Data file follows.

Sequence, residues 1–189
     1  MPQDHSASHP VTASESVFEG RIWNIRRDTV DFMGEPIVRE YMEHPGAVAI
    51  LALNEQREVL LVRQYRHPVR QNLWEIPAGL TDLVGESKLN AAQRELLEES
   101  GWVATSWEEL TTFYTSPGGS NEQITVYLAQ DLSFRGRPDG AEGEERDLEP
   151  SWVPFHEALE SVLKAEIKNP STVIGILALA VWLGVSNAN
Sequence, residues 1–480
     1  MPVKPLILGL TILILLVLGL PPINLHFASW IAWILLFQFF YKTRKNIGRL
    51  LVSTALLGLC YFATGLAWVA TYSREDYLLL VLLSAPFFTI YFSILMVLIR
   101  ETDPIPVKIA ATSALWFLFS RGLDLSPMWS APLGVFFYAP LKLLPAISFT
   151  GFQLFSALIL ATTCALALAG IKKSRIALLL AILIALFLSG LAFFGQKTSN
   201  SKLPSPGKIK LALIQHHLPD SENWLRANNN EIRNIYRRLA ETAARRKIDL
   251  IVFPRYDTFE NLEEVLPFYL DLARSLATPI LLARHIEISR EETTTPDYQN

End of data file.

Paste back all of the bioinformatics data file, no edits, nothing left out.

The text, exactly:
Sequence, residues 1–189
     1  MPQDHSASHP VTASESVFEG RIWNIRRDTV DFMGEPIVRE YMEHPGAVAI
    51  LALNEQREVL LVRQYRHPVR QNLWEIPAGL TDLVGESKLN AAQRELLEES
   101  GWVATSWEEL TTFYTSPGGS NEQITVYLAQ DLSFRGRPDG AEGEERDLEP
   151  SWVPFHEALE SVLKAEIKNP STVIGILALA VWLGVSNAN
Sequence, residues 1–480
     1  MPVKPLILGL TILILLVLGL PPINLHFASW IAWILLFQFF YKTRKNIGRL
    51  LVSTALLGLC YFATGLAWVA TYSREDYLLL VLLSAPFFTI YFSILMVLIR
   101  ETDPIPVKIA ATSALWFLFS RGLDLSPMWS APLGVFFYAP LKLLPAISFT
   151  GFQLFSALIL ATTCALALAG IKKSRIALLL AILIALFLSG LAFFGQKTSN
   201  SKLPSPGKIK LALIQHHLPD SENWLRANNN EIRNIYRRLA ETAARRKIDL
   251  IVFPRYDTFE NLEEVLPFYL DLARSLATPI LLARHIEISR EETTTPDYQN